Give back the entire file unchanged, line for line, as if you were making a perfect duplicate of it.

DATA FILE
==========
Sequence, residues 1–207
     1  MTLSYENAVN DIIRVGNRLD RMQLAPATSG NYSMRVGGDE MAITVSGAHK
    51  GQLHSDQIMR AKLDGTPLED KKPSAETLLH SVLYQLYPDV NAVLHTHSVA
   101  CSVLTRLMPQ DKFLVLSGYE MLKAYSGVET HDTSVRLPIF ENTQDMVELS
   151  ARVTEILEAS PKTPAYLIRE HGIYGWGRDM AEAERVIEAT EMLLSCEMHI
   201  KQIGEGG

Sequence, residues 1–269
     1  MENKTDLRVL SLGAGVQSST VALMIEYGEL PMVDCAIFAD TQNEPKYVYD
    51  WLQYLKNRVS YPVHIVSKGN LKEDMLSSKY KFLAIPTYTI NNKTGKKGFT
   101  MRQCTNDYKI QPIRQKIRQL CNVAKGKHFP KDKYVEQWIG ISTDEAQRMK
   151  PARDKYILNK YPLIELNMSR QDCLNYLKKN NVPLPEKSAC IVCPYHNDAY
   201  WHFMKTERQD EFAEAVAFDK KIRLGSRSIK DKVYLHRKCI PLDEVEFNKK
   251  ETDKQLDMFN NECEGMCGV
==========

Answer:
Sequence, residues 1–207
     1  MTLSYENAVN DIIRVGNRLD RMQLAPATSG NYSMRVGGDE MAITVSGAHK
    51  GQLHSDQIMR AKLDGTPLED KKPSAETLLH SVLYQLYPDV NAVLHTHSVA
   101  CSVLTRLMPQ DKFLVLSGYE MLKAYSGVET HDTSVRLPIF ENTQDMVELS
   151  ARVTEILEAS PKTPAYLIRE HGIYGWGRDM AEAERVIEAT EMLLSCEMHI
   201  KQIGEGG

Sequence, residues 1–269
     1  MENKTDLRVL SLGAGVQSST VALMIEYGEL PMVDCAIFAD TQNEPKYVYD
    51  WLQYLKNRVS YPVHIVSKGN LKEDMLSSKY KFLAIPTYTI NNKTGKKGFT
   101  MRQCTNDYKI QPIRQKIRQL CNVAKGKHFP KDKYVEQWIG ISTDEAQRMK
   151  PARDKYILNK YPLIELNMSR QDCLNYLKKN NVPLPEKSAC IVCPYHNDAY
   201  WHFMKTERQD EFAEAVAFDK KIRLGSRSIK DKVYLHRKCI PLDEVEFNKK
   251  ETDKQLDMFN NECEGMCGV